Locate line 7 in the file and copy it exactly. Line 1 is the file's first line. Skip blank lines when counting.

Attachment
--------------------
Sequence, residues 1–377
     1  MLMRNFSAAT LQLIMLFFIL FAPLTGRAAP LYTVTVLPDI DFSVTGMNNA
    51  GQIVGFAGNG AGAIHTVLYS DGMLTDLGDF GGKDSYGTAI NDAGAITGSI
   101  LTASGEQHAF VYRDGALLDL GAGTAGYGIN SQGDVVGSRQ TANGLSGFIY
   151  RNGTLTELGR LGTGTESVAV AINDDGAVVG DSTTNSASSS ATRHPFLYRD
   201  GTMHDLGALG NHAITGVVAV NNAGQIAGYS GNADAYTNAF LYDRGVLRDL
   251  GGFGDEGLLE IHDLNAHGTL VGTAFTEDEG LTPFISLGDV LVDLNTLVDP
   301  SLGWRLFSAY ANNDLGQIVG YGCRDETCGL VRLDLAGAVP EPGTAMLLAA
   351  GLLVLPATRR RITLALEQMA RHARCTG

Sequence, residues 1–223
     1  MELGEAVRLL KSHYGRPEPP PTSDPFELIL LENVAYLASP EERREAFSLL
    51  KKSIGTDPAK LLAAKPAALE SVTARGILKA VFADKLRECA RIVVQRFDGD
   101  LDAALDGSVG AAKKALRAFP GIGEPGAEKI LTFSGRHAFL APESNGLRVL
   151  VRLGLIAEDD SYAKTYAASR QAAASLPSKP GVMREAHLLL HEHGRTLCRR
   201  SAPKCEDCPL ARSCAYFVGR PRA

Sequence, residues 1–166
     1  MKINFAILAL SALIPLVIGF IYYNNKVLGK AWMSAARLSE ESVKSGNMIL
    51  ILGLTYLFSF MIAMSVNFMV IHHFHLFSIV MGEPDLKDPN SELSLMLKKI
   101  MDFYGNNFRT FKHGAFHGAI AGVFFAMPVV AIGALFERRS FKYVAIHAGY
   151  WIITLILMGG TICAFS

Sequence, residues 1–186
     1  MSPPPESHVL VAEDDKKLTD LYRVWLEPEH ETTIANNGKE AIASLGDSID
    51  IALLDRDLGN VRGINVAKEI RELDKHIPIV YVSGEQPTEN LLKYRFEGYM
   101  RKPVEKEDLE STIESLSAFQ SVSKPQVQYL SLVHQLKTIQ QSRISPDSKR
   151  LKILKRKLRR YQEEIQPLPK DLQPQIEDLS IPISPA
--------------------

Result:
   251  GGFGDEGLLE IHDLNAHGTL VGTAFTEDEG LTPFISLGDV LVDLNTLVDP